Thanks to the openSUSE Board for coming to a quick decision and getting the community moving forward with this new project. I look forwarding to “kicking the tires” as the project moves forward.
This dovetails off of my last post on what I would love to see from a SLE-based openSUSE.
So why might I be excited about a future openSUSE release built on top of a SUSE Linux Enterprise core?
Quite simply, it gives me a base to work from in two cases:
- A great, solid openSUSE to deploy in education/family situations where I want to have multiple years of support to work with without needing to pull everything out and redo it.
- A great, solid openSUSE to deploy as a server platform both at work and at home with the idea of putting it in place and being able to keep it running (with updates) for multiple years.
Totally selfish motives, I’ll admit. I like a lot of the tooling around openSUSE and it provides a nice continuum for people to move down: openSUSE Tumbleweed => openSUSE Next => SUSE Linux Enterprise. Free => Free => Paid (and up to 13 years of support on a single major release).
That’s really it.
There is a very interesting set of conversations happening within the openSUSE Project and openSUSE Factory mailing lists. The focus is on what, if anything, to do with the newly released SUSE Linux Enterprise sources on the Open Build Service.
I’d recommend that you head over to the mailing lists in order to read up on the entire discussion if you have any interest at all. I’m going to use this time to give my thoughts on where the openSUSE project might want to do for the future.
I’ll preface this by stating there are only my opinions and really serve to make my work easier. Whether the openSUSE community feels this way is a question I cannot answer.
I tend to think it is foolhardy to try to please everyone even some of the time. What makes a good project and/or product is making hard decisions about direction and focus.
Tumbleweed should stay Tumbleweed and keep doing what they are doing. There is no use trying to slow it down, you just need to keep pushing ahead. Get some additional resources behinds it, start to try to find some ways around the problems binary drivers can cause, and keep plugging again.
Overall, I’ve found Tumbleweed to be really fun and stable enough to use on a day-to-day basis, even for work. It is not going to please everyone (as the kerfuffle over making KDE 5 the default is causing for some at the moment), so don’t even try.
Here is the fun part. I am using the name “openSUSE Next” for this blog post. I might change it to openSUSE X in the future … just because it really doesn’t have a name.
- Base the release off of the recently-released SUSE Enterprise Linux sources. I’m not sure what is all in there, but build on the work SUSE is already doing and providing.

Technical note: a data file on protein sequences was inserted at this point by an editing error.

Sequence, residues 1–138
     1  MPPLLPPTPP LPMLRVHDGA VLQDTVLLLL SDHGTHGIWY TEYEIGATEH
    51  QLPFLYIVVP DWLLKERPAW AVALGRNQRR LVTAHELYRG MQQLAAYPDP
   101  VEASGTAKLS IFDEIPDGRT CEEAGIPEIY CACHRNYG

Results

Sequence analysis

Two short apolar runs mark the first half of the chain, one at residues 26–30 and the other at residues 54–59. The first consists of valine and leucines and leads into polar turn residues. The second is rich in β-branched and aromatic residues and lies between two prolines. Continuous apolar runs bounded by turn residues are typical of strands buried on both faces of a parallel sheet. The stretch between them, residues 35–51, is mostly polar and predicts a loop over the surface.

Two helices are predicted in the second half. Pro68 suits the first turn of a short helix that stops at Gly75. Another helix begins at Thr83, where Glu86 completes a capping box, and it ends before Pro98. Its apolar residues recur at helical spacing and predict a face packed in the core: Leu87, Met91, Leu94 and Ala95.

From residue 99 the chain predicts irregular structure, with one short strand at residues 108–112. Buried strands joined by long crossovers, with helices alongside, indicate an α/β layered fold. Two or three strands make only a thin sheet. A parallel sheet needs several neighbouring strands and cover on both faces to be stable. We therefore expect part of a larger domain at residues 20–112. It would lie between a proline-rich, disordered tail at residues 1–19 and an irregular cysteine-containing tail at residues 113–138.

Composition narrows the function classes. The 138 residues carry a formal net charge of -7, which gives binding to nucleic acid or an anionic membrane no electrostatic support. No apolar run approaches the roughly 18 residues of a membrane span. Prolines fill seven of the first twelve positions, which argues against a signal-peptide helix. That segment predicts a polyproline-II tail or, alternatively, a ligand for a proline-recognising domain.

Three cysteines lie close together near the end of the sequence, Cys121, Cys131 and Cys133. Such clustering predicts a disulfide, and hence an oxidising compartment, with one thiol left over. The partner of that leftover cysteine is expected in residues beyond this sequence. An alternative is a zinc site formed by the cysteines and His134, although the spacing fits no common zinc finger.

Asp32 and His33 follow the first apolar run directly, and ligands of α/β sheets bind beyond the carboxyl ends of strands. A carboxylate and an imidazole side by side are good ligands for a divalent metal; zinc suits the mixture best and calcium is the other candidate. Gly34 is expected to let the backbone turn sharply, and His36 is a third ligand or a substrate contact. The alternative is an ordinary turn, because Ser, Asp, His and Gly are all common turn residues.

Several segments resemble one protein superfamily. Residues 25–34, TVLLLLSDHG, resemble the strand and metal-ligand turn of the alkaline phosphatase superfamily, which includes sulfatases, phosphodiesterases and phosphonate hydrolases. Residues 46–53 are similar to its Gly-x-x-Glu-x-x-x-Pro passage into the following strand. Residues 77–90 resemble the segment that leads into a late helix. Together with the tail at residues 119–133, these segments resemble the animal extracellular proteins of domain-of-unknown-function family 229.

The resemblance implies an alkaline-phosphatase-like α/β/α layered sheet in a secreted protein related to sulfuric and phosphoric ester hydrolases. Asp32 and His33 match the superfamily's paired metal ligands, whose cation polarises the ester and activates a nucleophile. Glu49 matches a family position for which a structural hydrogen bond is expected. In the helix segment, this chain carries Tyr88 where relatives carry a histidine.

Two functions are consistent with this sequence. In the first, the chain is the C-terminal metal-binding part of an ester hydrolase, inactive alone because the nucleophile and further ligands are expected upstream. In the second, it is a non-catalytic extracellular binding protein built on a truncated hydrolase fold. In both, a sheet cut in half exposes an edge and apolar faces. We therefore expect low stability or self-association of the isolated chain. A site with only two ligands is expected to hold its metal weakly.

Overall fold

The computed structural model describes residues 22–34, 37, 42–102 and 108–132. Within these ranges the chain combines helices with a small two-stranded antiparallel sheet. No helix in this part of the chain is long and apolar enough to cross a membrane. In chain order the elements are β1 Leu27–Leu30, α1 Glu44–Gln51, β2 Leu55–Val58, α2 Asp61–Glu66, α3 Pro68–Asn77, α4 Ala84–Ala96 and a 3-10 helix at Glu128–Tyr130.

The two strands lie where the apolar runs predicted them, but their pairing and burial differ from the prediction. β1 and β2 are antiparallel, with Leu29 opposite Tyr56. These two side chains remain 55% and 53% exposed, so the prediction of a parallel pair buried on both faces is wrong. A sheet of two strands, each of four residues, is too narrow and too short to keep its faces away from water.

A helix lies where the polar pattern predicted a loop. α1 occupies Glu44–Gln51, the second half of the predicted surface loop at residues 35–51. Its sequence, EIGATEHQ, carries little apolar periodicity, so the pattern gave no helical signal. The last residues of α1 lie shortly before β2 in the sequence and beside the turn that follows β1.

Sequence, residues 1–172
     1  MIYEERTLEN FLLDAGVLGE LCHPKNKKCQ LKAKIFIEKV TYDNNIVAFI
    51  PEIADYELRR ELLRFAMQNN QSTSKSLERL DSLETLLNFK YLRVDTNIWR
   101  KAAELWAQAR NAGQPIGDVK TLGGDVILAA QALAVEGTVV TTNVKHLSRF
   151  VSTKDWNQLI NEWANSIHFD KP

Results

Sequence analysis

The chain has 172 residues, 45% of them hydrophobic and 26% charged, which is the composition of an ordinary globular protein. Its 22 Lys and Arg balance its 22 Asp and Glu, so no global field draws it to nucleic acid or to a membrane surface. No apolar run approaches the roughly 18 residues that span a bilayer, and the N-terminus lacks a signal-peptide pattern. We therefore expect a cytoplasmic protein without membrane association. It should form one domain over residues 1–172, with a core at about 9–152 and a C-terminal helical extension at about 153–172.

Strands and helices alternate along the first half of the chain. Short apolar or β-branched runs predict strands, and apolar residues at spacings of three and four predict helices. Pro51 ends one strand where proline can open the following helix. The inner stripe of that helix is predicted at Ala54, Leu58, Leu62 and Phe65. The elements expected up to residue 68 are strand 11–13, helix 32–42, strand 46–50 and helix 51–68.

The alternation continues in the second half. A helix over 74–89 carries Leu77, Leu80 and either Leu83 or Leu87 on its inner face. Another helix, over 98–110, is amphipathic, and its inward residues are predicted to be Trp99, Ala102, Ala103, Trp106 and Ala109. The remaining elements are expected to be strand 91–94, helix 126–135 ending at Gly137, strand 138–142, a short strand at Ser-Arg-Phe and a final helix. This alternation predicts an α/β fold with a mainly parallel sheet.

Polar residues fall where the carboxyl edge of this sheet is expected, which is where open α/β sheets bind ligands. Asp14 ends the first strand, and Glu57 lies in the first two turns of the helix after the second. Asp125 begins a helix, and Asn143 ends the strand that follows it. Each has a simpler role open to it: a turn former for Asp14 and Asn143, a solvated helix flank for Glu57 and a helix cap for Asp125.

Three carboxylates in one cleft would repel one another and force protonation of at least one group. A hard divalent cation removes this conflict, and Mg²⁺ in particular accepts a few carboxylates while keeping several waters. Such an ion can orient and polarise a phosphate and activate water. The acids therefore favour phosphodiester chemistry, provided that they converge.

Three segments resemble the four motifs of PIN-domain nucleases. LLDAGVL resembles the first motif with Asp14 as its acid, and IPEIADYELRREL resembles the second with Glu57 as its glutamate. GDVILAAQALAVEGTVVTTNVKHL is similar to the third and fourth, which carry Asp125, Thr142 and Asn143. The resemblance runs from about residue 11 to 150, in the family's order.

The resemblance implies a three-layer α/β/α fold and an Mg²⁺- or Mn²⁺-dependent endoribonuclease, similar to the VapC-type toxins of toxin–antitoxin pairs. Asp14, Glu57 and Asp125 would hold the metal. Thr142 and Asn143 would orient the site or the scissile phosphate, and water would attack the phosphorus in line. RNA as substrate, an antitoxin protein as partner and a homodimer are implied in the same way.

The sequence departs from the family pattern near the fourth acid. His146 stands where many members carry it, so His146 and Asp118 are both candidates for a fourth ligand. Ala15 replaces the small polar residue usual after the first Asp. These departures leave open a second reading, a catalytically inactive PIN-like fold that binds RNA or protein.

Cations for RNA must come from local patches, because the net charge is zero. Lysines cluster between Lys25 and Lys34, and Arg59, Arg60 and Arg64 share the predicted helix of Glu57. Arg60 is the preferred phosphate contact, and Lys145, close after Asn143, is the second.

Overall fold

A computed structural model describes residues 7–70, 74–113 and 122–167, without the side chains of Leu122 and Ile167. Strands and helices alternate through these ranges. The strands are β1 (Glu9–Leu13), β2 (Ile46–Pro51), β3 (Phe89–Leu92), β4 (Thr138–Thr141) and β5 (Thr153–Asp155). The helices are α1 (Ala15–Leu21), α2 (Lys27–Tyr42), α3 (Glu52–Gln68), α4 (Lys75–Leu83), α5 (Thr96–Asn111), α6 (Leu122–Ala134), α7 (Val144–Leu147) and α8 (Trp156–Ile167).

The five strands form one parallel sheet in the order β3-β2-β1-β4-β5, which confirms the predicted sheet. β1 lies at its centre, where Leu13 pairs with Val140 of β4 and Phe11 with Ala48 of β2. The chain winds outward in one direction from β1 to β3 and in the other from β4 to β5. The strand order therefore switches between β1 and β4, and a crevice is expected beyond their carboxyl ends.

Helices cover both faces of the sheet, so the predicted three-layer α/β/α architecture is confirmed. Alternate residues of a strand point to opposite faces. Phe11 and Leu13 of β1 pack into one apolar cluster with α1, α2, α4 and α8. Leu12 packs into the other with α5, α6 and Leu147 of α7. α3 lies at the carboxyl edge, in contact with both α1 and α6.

- Take full advantage of openQA and OBS to supply a MUCH LARGER selection of packages than SUSE can (or wants to) for SLE.
- Refocus efforts on “filling in the gaps” from SLE. Release newer desktop environments sooner than SUSE can or should. Update user-facing packages before SUSE can or should. Focus on the things that will set openSUSE apart from SUSE Enterprise Linux.
- Make openSUSE Next a great platform to build on top of.
The last bullet is the one that hits closest for me. Make openSUSE the premier Linux distribution for building “things” on top of. I think part of this is accomplished through having consistent support.
- Schedule releases around SLE releases. For example, openSUSE Next 1.1 could ship close to when SLE 12 SP1 ships. Then when SLE 12 SP2 is getting ready, openSUSE Next 1.2 is next up.
- Normal support for each release is 18 months (or the next release plus six months).
- “Evergreen” support (it doesn’t have to be, but I’ll stick with the name) happens at the end of each main release. For example, if SLE 12 SP3 is the last service pack before SLE 13, then openSUSE Next 1.3 would receive “Evergreen” support of another 18 months (grand total of 3 years of support for openSUSE Next 1.3).
- The process starts over again with SLE 13 coinciding with openSUSE Next 2 being released. When openSUSE Next 2.1 is release, openSUSE Next 2 has six months of support left. Then it keeps going.
In the oddball case of openSUSE Next 1, that release line would receive up to 3.5 years of support or 4.5 years if you include “Evergreen” in that number. It doesn’t mean a single release does, but if you follow the interim releases, you can stick with openSUSE Next 1 for up to 4.5 years.
For openSUSE 2, it would be even better (since you get the SLE 13, SLE 13 SP1, SLE 13 SP2, and SLE 13 SP3 releases to work with): 4.5 years of updates and 5.5 years if you go with “Evergreen” support at the end.
Here’s a clearer look at what I am thinking:
Because you are building on top of the work of SUSE, you get that stable base to build on top of that will get patches, and security updates, and fixes for ever longer.
This is a unique opportunity to not just rehash what is already there (like CentOS, a great option), but to build something a little bit different, a little bit broader, a little more ambitious.
I’m going to continue to watch and chime in when I feel it is needed, but this is just a single idea on where the community could go.